Navigating the SEC’s Climate-Disclosure Rule

Nancy Mancilla

In recent years, the global conversation around climate change has intensified, leading regulatory bodies to take significant steps to address environmental concerns. The U.S. Securities and Exchange Commission (SEC) recently announced a new climate disclosure rule, underscoring the importance of environmental transparency and accountability for companies across various industries. This will inevitably impact the manufacturing industry that either produces products or components for some of the world’s biggest brands. Therefore, sustainability is no longer something that is a “nice to have” or limited to major publicly-traded companies, but a business imperative.

New SEC Rule Highlights

At a high level, the climate disclosure rule mandates that publicly-traded companies disclose their greenhouse-gas emissions, climate-related risks, and strategies for mitigating these risks. Specific requirements include disclosure of:

• Climate-related risks, and related risk management and oversight. 

• Material Scope 1 and Scope 2 emissions (for certain filers only), while notably not requiring disclosure of Scope 3 emissions from a filer’s supply chain.

• Statement describing financial impact of severe weather events, if the aggregate amount equals or exceeds a 1% threshold against gross profits or expenditures.

• Statement describing whether carbon offsets and renewable energy credits or certificates (RECs) have been used as a material component of the company’s plans to achieve its climate-related goals.

• Carbon-reduction goals. 

This move reflects a broader shift toward greater transparency in corporate reporting, as investors increasingly prioritize environmental, social, and governance (ESG) factors in their decision-making processes, including supply chain management practices. Though this ruling may not require your company to comply, it may require adapting quickly in order to maintain business agreements and contracts with those who are.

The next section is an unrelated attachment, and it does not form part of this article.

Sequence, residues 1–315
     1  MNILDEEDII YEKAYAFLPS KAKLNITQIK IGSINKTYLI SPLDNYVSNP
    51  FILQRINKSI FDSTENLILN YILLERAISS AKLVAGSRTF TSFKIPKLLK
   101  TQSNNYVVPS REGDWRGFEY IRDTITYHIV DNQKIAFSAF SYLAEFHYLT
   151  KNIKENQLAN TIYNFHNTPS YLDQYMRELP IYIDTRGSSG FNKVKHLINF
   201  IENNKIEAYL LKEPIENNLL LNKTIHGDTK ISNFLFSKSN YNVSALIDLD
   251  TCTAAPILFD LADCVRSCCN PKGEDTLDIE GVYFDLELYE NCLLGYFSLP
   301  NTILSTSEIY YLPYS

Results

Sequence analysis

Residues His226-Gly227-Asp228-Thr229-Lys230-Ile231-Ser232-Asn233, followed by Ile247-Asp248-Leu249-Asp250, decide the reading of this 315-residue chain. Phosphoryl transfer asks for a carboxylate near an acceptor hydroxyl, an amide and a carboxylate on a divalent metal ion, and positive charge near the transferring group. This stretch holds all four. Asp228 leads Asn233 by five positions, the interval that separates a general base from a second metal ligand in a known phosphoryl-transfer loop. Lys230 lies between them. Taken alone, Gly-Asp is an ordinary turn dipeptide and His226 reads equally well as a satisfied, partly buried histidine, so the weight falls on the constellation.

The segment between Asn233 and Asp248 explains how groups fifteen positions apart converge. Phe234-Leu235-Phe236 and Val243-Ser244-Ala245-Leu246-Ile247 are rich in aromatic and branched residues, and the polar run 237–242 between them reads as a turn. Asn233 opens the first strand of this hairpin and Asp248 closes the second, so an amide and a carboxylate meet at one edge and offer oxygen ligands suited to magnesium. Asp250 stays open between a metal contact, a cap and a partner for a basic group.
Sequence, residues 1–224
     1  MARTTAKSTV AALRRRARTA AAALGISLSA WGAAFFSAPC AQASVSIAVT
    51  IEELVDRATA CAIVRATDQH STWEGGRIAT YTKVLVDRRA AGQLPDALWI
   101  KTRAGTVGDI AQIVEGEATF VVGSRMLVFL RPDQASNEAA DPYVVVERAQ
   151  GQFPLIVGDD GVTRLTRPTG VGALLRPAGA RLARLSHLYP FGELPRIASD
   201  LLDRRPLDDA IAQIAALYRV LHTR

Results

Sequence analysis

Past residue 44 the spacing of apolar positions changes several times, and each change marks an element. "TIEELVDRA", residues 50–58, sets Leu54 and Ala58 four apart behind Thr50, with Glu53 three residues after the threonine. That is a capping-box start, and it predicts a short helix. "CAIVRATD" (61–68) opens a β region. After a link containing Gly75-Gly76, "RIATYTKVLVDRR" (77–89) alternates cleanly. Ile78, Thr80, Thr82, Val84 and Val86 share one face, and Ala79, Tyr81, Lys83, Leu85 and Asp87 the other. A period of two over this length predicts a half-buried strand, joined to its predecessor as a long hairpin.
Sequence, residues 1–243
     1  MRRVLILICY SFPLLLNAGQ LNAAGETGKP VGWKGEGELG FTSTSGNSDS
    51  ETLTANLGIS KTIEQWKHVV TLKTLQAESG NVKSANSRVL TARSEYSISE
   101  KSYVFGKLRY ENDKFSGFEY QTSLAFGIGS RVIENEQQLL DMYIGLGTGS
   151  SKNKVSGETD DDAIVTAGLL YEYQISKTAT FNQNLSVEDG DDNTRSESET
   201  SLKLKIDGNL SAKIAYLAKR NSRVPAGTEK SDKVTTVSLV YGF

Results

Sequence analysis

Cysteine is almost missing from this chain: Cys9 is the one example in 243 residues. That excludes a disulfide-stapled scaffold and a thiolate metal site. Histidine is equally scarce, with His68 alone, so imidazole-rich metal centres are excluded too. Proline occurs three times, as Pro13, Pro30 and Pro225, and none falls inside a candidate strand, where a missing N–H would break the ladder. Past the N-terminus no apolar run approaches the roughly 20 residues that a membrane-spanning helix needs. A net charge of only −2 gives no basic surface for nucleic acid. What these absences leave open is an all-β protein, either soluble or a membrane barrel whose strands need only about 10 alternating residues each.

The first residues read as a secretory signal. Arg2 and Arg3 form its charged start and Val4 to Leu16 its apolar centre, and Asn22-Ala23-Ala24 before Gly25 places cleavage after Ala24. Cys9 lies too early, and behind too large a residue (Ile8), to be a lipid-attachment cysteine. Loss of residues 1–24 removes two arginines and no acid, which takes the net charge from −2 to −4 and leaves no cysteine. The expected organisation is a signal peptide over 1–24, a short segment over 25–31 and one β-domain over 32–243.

Operator Impact

It’s worth acknowledging that the SEC climate disclosure will not directly apply to all companies. First, the rule’s applicability is limited to companies with publicly-traded securities. Second, the type of emissions that are generated within a publicly-traded company’s supply chain (Scope 3), which could potentially impact organizations that are not publicly-traded, are not required to be disclosed under today’s rule. 

That said, we anticipate the impact of this rule to include an overall commitment to improving data collection and increased focus on all sources of a company’s emissions, even those within the supply chain. In essence, it is best to get started down this path rather than waiting for stricter regulations impacting supply chains to be promulgated and enforced.


• Data Collection and Reporting. Companies must enhance their data collection mechanisms to accurately measure and report their greenhouse-gas emissions. This may require investments in sophisticated monitoring technologies and robust reporting frameworks.

• Supply-Chain Transparency. As part of future disclosure requirements, companies may need to provide detailed insights into their supply chain operations. 

• Regulatory Compliance. Compliance with the SEC’s climate disclosure rule necessitates a thorough understanding of evolving regulatory frameworks and reporting standards.

Companies must stay abreast of updates and ensure adherence to compliance requirements.